Here is where we dig out the FutureMark tests.
For overall system performance we use PCMark Vantage. This is run in both x86 and x64 mode to give the best indication of performance.
Once again, all I can say is, impressive! - This showing is an indication that the new Sandy Bridge CPUs are more than up to the task of performing general computing. As there are also some encryption/decryption and encoding tasks running here, we can be fairly certain that Intel has geared this new CPU towards the top market demands. In other words, the new Core i5 and Core i7 CPUs are already set to do the things that people want, such as encrypt their files, decrypt movies (for viewing) and also transcoding video and audio to different formats.
For synthetic gaming tests we used the industry standard and overlockers bragging tool 3DMark 11. This is a test that strives to mimic the impact modern games have on a system. Futuremark went a long way to change from the early days of graphics driven tests to a broader approach including physics, AI and more advanced graphics simulations.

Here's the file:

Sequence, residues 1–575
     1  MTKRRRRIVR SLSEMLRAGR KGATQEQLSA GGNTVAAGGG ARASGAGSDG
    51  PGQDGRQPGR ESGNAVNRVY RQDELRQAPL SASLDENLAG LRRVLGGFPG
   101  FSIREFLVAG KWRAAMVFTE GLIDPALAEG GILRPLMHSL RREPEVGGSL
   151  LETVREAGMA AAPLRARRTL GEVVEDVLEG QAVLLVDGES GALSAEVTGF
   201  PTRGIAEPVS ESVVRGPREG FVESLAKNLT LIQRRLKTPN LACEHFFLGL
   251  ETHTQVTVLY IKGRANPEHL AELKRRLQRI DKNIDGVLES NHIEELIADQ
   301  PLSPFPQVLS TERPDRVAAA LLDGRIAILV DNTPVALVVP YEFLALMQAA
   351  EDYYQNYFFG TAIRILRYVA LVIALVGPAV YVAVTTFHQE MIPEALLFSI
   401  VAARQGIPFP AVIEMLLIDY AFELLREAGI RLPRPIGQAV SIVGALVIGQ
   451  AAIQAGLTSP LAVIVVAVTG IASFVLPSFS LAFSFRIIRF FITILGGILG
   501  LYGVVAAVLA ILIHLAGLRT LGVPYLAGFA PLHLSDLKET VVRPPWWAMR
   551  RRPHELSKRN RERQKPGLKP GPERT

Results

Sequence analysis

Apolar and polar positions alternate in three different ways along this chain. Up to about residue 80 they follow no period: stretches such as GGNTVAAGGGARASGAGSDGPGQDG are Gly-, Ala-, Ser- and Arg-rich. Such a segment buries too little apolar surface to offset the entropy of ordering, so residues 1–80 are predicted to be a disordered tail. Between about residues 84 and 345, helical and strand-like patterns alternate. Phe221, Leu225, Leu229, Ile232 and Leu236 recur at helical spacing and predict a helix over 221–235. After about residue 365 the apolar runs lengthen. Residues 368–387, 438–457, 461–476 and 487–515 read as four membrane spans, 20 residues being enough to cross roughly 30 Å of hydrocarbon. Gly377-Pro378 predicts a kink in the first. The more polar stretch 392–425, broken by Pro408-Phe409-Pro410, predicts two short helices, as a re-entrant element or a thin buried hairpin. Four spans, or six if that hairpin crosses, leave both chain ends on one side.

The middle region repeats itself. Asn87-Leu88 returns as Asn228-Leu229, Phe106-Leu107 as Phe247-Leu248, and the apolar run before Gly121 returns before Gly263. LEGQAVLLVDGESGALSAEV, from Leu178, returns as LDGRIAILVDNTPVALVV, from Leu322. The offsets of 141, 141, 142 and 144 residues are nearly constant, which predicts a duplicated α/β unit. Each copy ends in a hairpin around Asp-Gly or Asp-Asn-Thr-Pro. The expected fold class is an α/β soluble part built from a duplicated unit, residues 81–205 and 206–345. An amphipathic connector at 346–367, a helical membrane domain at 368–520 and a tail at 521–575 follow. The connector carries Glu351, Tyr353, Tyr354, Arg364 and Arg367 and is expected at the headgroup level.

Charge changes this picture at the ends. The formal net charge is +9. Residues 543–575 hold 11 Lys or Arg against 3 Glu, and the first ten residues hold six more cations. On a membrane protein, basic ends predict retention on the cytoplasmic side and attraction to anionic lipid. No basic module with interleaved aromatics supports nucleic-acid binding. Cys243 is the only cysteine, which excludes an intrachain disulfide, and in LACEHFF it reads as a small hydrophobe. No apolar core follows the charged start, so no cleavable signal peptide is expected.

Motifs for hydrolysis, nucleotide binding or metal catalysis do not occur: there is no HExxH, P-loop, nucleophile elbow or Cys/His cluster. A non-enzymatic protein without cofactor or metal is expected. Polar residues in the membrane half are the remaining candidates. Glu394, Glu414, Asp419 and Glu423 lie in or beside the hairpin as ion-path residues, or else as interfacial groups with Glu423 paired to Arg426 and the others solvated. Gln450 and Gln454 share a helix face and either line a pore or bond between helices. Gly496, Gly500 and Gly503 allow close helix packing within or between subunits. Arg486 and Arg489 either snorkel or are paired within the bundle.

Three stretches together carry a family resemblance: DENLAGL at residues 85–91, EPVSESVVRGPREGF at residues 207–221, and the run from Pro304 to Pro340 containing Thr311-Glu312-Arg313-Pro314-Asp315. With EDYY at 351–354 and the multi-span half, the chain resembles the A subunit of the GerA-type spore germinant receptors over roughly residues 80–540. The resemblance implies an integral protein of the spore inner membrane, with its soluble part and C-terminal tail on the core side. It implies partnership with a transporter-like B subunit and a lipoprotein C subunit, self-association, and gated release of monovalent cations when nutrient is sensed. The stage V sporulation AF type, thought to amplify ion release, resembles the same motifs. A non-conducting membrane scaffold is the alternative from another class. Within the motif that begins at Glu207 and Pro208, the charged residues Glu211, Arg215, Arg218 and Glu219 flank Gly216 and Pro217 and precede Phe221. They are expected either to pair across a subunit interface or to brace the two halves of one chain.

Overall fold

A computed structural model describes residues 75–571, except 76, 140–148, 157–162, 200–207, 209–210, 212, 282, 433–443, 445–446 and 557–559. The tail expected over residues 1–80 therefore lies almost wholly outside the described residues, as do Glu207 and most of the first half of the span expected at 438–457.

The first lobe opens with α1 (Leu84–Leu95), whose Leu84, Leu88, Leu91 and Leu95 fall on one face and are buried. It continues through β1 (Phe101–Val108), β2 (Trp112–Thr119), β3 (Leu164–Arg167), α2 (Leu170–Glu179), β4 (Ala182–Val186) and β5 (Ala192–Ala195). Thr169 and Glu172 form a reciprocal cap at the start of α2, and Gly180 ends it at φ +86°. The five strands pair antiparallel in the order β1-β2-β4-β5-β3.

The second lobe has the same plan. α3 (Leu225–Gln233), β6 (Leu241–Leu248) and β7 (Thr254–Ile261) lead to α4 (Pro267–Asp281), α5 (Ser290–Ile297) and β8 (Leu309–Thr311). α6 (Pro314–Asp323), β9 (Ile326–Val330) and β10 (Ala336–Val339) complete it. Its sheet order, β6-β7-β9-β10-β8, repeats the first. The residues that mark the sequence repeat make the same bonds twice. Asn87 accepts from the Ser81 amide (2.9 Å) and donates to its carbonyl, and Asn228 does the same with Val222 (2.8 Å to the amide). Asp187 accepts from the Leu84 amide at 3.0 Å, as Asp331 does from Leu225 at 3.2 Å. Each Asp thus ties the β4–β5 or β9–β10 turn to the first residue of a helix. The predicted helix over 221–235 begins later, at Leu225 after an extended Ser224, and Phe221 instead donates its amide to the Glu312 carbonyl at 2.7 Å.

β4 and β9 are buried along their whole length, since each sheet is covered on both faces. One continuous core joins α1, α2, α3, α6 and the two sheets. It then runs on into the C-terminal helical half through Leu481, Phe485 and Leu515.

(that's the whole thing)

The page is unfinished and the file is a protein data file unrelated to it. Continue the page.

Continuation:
3DMark 11 uses the DX11 API in addition to having support for Physics run from the CPU, not PhysX. This puts things on a semi neutral ground as neither GPU can gain an advantage from proprietary code. .
The numbers here are not bad at all. They would appear to indicate that the Sandy Bridge Core i5 and Core i7 will not give you any grief in terms of gaming. We also do want to note that this review does not cover the GPU side of Sandy Bridge. That will be handled later in other reviews for the H67 chipset and will also be covered by Shane Baxtor, our resident GPU reviewer.
Cinebench R11.5 x64
Cinebench is a synthetic rendering tool developed by Maxon. Maxon is the same company that developed Cinema4D, another industry leading 3D Animation application. Cinebench R11.5 tests your systems ability to render across a single and multiple CPU cores. It also tests your systems ability to process OpenGL information.
With Cinebench we see that the new Sandy Bridge CPUs can still do quite well. The 2500K is not in the lead, but the 2600K shows up in front of all but the 980X at stock speeds and right behind the 980X at 4.7GHz.
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